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One other misunderstanding about Erasmus's position in regard to the revival of letters may be here noticed. The great scholar has been regarded as the incarnation of the spirit of practical paganism, which, unfortunately, was quickly the outcome of the movement in Italy, and which at this time gave so much colour and point to the denunciations of those of the opposite school. No view can be more unjust to Erasmus. Though he longed anxiously for the clergy to awake to a sense of the importance of studies in general, of classical and scriptural studies in particular, there was no one who saw more clearly the danger and absurdity of carrying the classical revivalist spirit to extremes. In fact, in his Ciceroniana, he expressly ridicules what he has seen in Rome of the classical spirit run mad. Those afflicted by it, he says, try to think that old Rome has returned. They speak of the “Senate," the "conscript fathers,” the “plebs,” the “chief augur,” and the “college of soothsayers,” “ Pontifices Maximi,” “ Vestals," “ triumphs,” &c. Nothing can be more unlike the true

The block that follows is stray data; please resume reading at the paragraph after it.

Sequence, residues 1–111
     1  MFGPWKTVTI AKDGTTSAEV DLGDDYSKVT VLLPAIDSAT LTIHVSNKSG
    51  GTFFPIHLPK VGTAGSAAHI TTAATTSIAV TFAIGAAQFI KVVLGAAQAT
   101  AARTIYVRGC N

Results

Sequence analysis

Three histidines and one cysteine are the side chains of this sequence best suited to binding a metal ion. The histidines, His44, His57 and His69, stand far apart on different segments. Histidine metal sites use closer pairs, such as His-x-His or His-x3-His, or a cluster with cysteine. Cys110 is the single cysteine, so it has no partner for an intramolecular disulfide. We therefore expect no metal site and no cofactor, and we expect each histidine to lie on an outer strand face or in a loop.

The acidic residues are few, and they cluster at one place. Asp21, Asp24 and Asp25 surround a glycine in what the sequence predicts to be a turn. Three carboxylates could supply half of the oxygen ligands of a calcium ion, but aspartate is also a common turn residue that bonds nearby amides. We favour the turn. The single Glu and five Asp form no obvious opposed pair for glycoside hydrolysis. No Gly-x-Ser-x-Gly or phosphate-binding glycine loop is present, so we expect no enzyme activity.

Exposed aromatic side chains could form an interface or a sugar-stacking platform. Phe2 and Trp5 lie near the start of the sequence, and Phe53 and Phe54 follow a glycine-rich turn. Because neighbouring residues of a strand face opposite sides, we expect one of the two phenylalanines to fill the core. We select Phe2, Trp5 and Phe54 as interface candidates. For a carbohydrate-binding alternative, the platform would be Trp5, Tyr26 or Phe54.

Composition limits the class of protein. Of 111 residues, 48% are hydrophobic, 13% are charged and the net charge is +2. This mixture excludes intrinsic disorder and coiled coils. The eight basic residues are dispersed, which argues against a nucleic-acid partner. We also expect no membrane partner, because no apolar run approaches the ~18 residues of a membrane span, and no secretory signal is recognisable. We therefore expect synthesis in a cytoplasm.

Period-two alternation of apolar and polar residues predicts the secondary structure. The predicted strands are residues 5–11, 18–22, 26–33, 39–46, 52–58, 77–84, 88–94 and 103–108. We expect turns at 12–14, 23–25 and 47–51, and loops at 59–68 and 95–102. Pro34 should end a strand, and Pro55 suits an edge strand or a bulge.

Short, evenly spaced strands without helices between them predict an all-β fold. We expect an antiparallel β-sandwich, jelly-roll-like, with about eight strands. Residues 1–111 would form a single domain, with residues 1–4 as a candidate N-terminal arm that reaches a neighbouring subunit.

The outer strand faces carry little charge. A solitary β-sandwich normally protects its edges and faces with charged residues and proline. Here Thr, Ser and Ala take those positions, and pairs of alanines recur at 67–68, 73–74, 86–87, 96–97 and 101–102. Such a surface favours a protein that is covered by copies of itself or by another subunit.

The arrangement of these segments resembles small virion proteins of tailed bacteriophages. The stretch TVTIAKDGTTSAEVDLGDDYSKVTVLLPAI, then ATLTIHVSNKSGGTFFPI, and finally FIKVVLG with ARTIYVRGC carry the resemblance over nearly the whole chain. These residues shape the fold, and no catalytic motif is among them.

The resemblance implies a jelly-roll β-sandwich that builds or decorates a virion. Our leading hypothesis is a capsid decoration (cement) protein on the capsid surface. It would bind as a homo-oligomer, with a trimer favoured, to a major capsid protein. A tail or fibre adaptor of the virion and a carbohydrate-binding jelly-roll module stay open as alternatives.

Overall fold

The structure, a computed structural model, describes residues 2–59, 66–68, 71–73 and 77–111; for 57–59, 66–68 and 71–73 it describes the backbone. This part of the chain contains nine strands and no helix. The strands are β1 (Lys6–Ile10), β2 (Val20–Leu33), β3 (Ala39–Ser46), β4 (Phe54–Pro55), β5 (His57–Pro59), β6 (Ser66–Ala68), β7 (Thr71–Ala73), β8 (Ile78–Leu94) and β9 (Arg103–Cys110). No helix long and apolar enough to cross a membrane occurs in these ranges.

name and person of Moria, which word in Greek signifies' folly,' merely touches and reproves such faults and follies as he found in any kind of people pursuing every state and condition, spiritual and temporal, leaving almost none untouched. By this book, says Tyndale, if it were in English, every man should then well see that I was then far otherwise minded than I now write. If this be true, then the more cause have I to thank God for the amendment. God be thanked I never had that mind in my life to have holy saints' images or their holy relics out of reverence. Nor if there were any such thing in Moriæ this could not make any man see that I were myself of that mind, the book being made by another man though he were my darling never so dear. Howbeit, that book of Moriæ doth indeed but jest upon abuses of such things... But in these days, in which men by their own default misconstrue and take harm from the very Scrip. ture of God, until men better amend, if any man would now translate Moria into English, or some work either that I have myself written ere this, albeit there be no harm therein, folks being (as they be) given to take harm of what is good, I would not only my darling's books, but my own also, help to burn them both with my own hands, rather than folk should (though through their own fault) take any harm of them.” (English Works, pp. 422-3.)